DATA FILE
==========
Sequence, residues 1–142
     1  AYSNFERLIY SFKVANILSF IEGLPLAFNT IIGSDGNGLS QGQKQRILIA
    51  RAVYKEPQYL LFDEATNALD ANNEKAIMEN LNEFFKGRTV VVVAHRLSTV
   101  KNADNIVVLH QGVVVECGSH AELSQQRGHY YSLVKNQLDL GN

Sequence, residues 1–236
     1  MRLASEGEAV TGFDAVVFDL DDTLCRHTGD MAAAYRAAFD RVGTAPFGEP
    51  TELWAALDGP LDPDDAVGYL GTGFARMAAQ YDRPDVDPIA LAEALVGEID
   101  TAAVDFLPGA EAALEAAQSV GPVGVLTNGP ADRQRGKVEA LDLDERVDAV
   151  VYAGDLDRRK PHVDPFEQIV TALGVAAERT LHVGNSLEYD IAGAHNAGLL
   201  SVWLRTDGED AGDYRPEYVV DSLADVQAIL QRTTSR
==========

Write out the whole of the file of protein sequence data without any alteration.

Sequence, residues 1–142
     1  AYSNFERLIY SFKVANILSF IEGLPLAFNT IIGSDGNGLS QGQKQRILIA
    51  RAVYKEPQYL LFDEATNALD ANNEKAIMEN LNEFFKGRTV VVVAHRLSTV
   101  KNADNIVVLH QGVVVECGSH AELSQQRGHY YSLVKNQLDL GN

Sequence, residues 1–236
     1  MRLASEGEAV TGFDAVVFDL DDTLCRHTGD MAAAYRAAFD RVGTAPFGEP
    51  TELWAALDGP LDPDDAVGYL GTGFARMAAQ YDRPDVDPIA LAEALVGEID
   101  TAAVDFLPGA EAALEAAQSV GPVGVLTNGP ADRQRGKVEA LDLDERVDAV
   151  VYAGDLDRRK PHVDPFEQIV TALGVAAERT LHVGNSLEYD IAGAHNAGLL
   201  SVWLRTDGED AGDYRPEYVV DSLADVQAIL QRTTSR